VICE on HBO: The Deadliest Wildfire in California History

Gianna Toboni Vice Correspondent Camp Fire Paradise, California
Gianna Toboni, Vice Correspondent, talks with a firefighter at the Camp Fire in Paradise, California.

VICE News has produced a very good segment about the Camp Fire, which burned over 153,000 acres, destroyed 18,804 structures, and resulted in 85 fatalities in November, 2018. It became the most destructive and deadliest wildfire in the recorded history of California.

This video was uploaded to YouTube January 30, 2019. Since then investigators with the California Department of Forestry and Fire Protection have determined that the fire was caused by a Pacific Gas and Electric power line.

Author: Bill Gabbert

After working full time in wildland fire for 33 years, he continues to learn, and strives to be a Student of Fire. Google+

4 thoughts on “VICE on HBO: The Deadliest Wildfire in California History”

  1. This is another good “documentary” regarding the Camp Fire. Now I am not casting aspersions but at 03:45 when the CalFire Deputy Chief is asked about the destructive nature of the Camp Fire, he replies, “Since this is my home …. .”
    Again and again, more frequently now, we hear and read about the need to mitigate serious issues relating to the Wildland Urban Interface and yet here is a top wildfire official, someone who is probably acutely aware of these issues, saying (I presume) that his home is Paradise, California. So, ….
    Why was Paradise so unprepared and why are so many communities particularly throughout the west so unprepared? Is it just human nature to be NIMBY when it comes to disasters? If a slap in the face does not awaken people to the fact that, along with their concomitant blind reliance on governmental emergency response IT WILL HAPPEN some day, what without government control (god forbid) will it take? Common sense? Hah! LR

  2. We live in California, in a very high wildfire risk area.
    County officials have prevented/stopped us from having a safe fire access road through our community to our residences.
    Even though they have placed improving wildfire safety as a county priority.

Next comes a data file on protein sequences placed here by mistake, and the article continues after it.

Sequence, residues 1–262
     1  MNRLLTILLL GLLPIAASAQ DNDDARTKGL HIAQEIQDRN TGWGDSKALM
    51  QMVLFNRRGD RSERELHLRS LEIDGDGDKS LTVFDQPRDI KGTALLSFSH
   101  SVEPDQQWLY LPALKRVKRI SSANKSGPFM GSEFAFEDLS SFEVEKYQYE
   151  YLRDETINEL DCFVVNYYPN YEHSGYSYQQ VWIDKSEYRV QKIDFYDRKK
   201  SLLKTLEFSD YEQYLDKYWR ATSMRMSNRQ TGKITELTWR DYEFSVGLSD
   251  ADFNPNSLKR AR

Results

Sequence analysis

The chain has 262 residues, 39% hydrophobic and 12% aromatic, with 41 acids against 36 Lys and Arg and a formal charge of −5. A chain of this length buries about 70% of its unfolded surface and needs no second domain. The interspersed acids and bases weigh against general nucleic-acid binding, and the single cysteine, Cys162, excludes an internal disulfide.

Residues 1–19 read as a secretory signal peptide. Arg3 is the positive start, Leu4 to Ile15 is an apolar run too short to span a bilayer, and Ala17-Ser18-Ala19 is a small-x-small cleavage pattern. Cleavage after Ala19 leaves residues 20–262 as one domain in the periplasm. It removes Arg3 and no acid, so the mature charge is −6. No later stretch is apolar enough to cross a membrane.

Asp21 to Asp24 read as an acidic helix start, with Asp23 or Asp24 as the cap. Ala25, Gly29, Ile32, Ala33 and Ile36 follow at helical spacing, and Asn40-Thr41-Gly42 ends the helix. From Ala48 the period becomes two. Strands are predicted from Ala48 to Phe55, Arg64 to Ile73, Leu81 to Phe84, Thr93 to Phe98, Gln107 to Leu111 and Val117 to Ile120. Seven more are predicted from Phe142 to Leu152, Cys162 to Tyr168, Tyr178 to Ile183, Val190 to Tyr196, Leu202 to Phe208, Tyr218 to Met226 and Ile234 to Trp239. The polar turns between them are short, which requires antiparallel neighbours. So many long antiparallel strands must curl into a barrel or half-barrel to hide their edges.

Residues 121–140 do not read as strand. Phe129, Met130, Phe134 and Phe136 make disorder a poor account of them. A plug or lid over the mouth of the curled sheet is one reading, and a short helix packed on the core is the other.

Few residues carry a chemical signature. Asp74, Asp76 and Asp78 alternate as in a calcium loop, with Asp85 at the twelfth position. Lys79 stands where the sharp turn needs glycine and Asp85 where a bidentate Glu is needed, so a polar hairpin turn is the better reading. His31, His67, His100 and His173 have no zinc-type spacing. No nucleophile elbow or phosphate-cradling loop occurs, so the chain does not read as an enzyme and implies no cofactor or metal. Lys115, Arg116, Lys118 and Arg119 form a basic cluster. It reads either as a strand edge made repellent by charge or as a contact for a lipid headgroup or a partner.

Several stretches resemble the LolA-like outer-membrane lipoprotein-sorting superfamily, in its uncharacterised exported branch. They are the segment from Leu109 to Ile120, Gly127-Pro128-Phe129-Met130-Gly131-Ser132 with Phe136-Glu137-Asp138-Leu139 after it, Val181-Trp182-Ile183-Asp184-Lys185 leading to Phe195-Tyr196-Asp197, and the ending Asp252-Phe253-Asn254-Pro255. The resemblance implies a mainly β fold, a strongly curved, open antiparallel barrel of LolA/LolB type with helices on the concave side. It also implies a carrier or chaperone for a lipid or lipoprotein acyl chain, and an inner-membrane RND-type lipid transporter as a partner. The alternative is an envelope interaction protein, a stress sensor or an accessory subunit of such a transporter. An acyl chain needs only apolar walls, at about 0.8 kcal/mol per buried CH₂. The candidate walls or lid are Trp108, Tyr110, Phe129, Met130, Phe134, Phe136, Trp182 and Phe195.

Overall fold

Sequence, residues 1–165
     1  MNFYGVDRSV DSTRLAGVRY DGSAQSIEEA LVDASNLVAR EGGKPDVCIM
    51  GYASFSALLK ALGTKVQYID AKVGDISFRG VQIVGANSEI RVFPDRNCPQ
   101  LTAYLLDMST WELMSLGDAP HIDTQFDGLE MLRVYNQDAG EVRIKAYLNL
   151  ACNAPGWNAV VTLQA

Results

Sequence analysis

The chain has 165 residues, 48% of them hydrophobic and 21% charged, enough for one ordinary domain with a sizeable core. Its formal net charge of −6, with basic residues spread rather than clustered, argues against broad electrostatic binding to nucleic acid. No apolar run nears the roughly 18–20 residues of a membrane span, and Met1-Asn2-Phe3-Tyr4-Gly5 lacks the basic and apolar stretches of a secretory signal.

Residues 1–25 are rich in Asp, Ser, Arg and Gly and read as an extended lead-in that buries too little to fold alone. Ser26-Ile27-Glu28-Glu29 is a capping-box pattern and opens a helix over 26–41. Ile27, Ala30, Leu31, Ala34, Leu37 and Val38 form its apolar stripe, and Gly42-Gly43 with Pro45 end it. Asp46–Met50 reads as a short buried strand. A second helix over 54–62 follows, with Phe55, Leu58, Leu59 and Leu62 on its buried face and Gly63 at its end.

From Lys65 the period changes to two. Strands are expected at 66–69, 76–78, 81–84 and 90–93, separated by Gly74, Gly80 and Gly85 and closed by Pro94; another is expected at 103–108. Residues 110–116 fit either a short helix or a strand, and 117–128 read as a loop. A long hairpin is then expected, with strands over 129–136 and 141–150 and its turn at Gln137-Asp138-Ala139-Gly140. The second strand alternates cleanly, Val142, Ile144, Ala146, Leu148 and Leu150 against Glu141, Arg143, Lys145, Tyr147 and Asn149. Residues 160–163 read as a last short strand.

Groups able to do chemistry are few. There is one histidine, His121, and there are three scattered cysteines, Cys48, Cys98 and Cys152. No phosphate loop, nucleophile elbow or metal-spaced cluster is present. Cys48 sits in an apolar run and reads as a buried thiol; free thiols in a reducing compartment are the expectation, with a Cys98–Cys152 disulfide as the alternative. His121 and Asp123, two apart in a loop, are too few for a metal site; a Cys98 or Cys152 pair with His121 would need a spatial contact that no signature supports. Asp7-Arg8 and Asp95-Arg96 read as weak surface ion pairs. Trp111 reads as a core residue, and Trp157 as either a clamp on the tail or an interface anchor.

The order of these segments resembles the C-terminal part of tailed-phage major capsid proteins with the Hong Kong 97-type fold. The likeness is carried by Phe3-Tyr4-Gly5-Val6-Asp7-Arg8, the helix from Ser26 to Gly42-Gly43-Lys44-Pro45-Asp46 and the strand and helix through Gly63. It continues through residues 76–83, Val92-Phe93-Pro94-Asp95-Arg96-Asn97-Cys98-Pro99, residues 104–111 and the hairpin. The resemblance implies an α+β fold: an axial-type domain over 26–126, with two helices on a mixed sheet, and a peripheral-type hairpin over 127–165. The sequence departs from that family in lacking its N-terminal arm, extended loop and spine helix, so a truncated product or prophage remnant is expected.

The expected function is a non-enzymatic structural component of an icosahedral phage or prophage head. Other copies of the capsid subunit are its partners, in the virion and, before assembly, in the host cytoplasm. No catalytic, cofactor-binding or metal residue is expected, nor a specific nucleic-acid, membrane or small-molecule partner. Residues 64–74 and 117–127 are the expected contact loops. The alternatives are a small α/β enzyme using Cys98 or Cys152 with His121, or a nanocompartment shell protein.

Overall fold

And even though though there is an existing public dedicated roadway that is supposed to be exactly for that purpose.
    Go figure!

  3. Unprepared, seriously ? Can you explain how anyone could be prepared for a wildfire in late fall, in the mountains, driven by a 50 mph wind. Let me a clue my friend, no amount of preperation whatsoever would have saved us. My house was new, my neighbors, all of which are gone. Buildings that were constructed of block, brick and metal were destroyed. The small amount of structures that survived was dumb luck nothing more. PG&E knew they were having problems with the transmission lines that started the fire. They warned us that we would loose our power due to high winds 2 days prior to the fire and subsequently ignored their own warnings. The reverse 911 system failed, perhaps because of the damage to the fiber optic lines, who knows ? All I can tell you for sure is 85 people were killed , 24000 people lost everything and the former CEO of PG&E received 12 million in severance.

  4. Most important factor for wildfire preparedness is access.
    Access for, emergency response, access for evacuation, access for traffic circulation, access for fire firefighters.
    That’s why there is fire access road minimum road standards.
    The question I present is, why would county government officials prevent a road from being improved to meet these minimum standards?
    Good question!
    Especially considering this same county portrays that wildfire safety preparedness is a priority for that county.

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